Sacred Texts  Sagas and Legends  Basque  Index  Previous  Next 
Buy this Book at

p. 73


LIKE many others in the world, there was a gentleman and lady. They were very well off, but they could not keep any of their children. They had had ever so many, and all died. The lady was again in a hopeful condition. At the beginning of the night she was confined of a fine boy.

Two young men heard this news, and they said to each. other:

"We ought to have a feast; we must steal a sheep out of this house. They will not pay attention to us with all their bustle and their joy."

One of the lads then goes after eleven o'clock towards the house. He meets an old woman, who said to him:

"Where are you off to, lad? There is nothing like the truth."

"I was going, then, to such a house; the lady has been confined, and I wish to take advantage of it to steal a sheep. They will not pay any attention to-day. And you, where are you going.

"I too am going to the house. I am a witch, and it is I who have killed all their children."

"And how do you do that?"

"Easily. When the infant sneezes nobody says, 'Domine stekan,' 1 and then I become mistress of the child."

The witch enters, doubtless as she liked, much more easily than our lad; but nevertheless he got in himself too. He was busy choosing his sheep, when he bears the infant sneeze. He says very, very loudly:

"Domine stekan; even if I should not get my sheep."

They go to see who is there, and what he was saying. The lad relates what the old woman had told him. As you may imagine they thanked him well, and told him to choose

p. 74

the finest sheep. The father and mother were delighted that they would save this child; but, poor wretches, they had not seen everything. A devil had come, who took their child and carried it to the roadside, and left it there. A coachman passing by sees this child, and takes it with him. He was married, but had no children. They had a great desire to have one. They were very well off also. His wife was delighted to see this fine child; they gave it a good nurse, and the child grew fast and became wonderfully handsome. The devil had placed himself in the child's cradle. This mother gave him suck, and, contrary to the other, he did not grow at all. The parents were vexed at having such a child; they did not know what to think of it. Their true child was more than extraordinarily clever. The coachman and his wife were dazed with joy, and they loved him as (if he were) their own child. When he was twelve years old, he said to his father and mother that he wished to become a monk. The coachman and his wife were very sorry, and they asked him to become only a priest. But after having seen his great desire they allow him to do as he wished.

He went away then, and at the age of eighteen years he was able to say mass. When he was there, one day two men were passing in front of the garden of his real father, and they began to quarrel. They got so enraged that one killed the other, and threw him into his father's garden. This father was tried and condemned to death for having killed this man.

While this young monk was saying mass, there comes to him a white pigeon and tells him what was taking place in his father's house, and that the pigeon will assume the form of the monk, "and you shall go off in my shape." The monk willingly does what he tells him, and arrives when they are leading his father to execution. He was being followed by the judges and by a crowd of people. He asks what he has done. They tell him that he has killed a man. He asks if they would do him a favour before they put him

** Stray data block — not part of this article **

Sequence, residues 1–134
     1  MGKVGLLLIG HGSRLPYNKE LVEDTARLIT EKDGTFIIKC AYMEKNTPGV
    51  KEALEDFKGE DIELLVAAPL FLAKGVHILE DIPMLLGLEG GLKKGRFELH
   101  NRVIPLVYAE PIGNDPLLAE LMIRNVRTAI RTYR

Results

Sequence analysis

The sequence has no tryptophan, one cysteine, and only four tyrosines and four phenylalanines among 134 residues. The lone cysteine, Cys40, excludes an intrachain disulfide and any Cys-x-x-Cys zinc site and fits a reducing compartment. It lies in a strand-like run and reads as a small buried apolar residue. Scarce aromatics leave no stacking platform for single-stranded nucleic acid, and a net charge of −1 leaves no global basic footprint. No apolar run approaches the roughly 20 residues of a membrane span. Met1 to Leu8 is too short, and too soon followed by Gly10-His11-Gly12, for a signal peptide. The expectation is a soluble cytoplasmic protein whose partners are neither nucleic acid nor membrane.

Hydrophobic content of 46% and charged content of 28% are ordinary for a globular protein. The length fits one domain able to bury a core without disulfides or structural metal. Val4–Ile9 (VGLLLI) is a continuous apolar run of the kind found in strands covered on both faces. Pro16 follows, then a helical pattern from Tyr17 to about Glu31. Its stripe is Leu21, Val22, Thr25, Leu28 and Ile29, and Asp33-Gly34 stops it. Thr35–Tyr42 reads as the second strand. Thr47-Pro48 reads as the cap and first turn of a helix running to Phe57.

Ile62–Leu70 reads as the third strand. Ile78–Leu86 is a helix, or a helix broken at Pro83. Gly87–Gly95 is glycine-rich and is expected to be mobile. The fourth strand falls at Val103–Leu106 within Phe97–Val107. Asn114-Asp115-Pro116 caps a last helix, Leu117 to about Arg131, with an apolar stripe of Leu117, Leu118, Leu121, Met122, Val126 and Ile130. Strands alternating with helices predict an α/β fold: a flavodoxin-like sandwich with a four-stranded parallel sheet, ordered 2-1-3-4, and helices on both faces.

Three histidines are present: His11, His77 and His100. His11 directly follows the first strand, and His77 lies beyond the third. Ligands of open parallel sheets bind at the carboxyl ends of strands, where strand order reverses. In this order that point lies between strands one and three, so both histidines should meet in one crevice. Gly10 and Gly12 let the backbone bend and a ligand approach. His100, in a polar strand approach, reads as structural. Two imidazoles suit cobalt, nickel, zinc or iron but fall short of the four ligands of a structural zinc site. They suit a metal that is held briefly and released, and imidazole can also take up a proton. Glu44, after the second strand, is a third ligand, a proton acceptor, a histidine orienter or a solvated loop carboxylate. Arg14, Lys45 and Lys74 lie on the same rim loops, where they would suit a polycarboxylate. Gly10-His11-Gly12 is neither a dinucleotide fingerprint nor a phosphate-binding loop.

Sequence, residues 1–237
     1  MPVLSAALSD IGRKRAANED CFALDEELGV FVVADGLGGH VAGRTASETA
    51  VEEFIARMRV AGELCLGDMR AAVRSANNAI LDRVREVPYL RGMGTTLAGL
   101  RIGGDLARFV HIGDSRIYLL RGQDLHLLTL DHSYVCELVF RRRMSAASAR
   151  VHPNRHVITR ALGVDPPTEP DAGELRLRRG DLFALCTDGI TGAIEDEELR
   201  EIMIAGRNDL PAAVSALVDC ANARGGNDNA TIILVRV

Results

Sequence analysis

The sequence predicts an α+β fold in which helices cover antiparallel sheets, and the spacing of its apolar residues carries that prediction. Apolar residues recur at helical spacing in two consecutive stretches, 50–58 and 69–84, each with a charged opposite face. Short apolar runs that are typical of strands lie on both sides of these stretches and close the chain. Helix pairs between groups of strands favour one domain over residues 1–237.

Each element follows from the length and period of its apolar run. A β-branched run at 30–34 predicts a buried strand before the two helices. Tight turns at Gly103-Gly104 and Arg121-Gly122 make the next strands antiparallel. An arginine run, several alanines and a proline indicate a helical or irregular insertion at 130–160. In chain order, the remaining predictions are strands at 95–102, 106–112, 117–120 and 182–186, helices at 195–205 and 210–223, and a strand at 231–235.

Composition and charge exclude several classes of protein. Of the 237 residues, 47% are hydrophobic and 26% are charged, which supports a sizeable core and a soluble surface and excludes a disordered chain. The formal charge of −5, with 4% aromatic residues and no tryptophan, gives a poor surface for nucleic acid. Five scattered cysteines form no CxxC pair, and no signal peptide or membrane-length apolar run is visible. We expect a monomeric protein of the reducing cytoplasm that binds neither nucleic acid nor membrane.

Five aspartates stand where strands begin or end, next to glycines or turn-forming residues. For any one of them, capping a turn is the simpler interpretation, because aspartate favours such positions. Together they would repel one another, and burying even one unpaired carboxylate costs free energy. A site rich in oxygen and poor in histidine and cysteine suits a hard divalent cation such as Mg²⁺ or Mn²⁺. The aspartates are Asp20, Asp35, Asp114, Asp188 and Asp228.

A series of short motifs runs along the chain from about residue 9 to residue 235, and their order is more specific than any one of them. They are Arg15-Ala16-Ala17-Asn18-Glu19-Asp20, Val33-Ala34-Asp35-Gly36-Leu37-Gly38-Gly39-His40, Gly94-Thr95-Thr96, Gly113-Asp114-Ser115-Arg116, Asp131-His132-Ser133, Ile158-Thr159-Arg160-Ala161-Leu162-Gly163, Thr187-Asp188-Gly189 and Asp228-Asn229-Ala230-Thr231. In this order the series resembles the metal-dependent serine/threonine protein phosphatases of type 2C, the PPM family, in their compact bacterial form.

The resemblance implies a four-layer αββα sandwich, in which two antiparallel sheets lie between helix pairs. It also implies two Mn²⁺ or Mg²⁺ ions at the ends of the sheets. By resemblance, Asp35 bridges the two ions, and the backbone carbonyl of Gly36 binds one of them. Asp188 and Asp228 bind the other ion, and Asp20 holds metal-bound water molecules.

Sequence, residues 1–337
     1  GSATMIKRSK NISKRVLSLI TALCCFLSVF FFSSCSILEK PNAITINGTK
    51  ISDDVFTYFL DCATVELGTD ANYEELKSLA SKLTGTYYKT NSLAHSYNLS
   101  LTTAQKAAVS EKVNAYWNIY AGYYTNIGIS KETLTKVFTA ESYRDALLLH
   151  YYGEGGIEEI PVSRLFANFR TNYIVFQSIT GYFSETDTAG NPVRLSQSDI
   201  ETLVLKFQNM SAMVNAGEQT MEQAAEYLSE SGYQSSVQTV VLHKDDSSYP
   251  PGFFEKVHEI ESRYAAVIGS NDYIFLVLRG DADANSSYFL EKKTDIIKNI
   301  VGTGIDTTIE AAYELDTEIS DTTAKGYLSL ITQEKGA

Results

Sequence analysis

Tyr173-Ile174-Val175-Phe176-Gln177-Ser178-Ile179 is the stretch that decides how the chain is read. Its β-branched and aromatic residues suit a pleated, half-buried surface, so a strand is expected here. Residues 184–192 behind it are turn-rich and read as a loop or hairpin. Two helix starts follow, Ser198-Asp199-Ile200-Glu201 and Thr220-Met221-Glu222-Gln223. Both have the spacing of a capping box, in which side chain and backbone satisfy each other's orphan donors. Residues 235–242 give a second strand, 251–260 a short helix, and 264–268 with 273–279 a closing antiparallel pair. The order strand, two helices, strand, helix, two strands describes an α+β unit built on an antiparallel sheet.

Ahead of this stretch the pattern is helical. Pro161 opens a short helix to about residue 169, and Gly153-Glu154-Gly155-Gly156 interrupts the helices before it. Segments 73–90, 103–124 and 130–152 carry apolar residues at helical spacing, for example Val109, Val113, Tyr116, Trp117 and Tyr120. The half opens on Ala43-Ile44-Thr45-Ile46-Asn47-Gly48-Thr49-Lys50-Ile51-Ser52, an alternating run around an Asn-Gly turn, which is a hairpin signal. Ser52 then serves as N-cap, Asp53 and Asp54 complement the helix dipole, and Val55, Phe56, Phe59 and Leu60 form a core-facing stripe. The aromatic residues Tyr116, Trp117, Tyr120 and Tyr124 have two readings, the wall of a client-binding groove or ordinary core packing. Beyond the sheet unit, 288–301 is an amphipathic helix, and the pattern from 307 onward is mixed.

p. 75

to death-if they would accompany him to the grave of the man whom he has killed. They tell him, "Yes."

They all go off then. The monk has the grave opened, restores him to life, and asks him, pointing to his father:

"Is this the man who has killed you?"

The dead man says to him, "No!"

After having said that he dies again. The monk did not wish to know who had killed him; he knew all he wanted with that. The father wished to take the monk home with him to dinner, but he would not go that day. He said to him:

"I will come on such a day."

As you may fancy they made a splendid dinner; nothing was wanting there. They invited all their friends and acquaintances to rejoice with them. When the monk arrives, the lady, before sitting down to table, wished to show him her child, how she had suckled him with her own milk eighteen years, and that he did not grow at all, but was always just as he was when he was born. The monk betook himself to prayer, and he saw that which they believed to be a child fly away under the shape of a devil in fire and flame, and he carried off with him part of the house. He told his mother not to vex herself because she had had the devil there, and that she would be happier without such a child.

All the world was astonished at the power of this monk; but the mother was still grieved. The monk, to console her, told her his history; how he was her true child; how the devil had taken him and carried him to the roadside how he had been found and brought up by a coachman; and that it was he himself who had been made priest, and her son. All were astounded at his words. After they had well dined, the monk went back into his convent, and the father and mother lived honourably, as they did before; and as they lived well, they died well too.




73:1 This is, of course, only a mispronunciation of "Dominus tecum"--The Lord be with you." Compare the opposite effect of "God save Us," in Croker's tale of "Master and Man," pp. 96, 97.

Next: Introduction